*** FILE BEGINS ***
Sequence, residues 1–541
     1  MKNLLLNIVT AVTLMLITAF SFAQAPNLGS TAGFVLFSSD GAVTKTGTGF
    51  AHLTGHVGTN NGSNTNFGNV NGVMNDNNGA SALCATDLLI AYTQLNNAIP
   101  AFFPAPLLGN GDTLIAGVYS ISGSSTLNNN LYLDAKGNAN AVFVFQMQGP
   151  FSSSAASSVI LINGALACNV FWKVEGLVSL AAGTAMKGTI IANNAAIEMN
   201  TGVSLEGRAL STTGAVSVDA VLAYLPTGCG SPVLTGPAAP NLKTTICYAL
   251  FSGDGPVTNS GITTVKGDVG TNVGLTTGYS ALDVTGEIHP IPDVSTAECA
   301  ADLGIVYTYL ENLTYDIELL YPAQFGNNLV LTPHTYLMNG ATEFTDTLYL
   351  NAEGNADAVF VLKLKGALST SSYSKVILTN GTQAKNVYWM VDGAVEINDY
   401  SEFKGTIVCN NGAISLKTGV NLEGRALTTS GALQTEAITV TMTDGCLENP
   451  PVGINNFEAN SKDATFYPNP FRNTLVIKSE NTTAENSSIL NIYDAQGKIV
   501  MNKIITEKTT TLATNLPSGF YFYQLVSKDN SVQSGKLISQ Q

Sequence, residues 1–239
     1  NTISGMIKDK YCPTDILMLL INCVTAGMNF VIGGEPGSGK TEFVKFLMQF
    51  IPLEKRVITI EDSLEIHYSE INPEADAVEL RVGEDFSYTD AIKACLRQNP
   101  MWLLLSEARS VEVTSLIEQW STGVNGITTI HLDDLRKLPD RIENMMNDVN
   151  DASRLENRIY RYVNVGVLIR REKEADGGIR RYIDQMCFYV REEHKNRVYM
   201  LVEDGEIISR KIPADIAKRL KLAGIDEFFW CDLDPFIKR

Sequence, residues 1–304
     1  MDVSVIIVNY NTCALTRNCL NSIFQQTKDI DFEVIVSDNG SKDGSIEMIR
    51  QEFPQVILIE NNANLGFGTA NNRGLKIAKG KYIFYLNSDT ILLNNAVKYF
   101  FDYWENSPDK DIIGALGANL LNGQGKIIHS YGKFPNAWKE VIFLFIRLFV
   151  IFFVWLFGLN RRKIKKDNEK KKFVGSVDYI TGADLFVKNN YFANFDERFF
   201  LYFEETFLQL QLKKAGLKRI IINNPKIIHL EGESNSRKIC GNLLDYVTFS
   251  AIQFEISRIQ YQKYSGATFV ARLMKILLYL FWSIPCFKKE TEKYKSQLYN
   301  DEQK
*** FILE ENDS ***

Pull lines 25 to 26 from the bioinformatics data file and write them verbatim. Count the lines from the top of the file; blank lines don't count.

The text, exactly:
   251  AIQFEISRIQ YQKYSGATFV ARLMKILLYL FWSIPCFKKE TEKYKSQLYN
   301  DEQK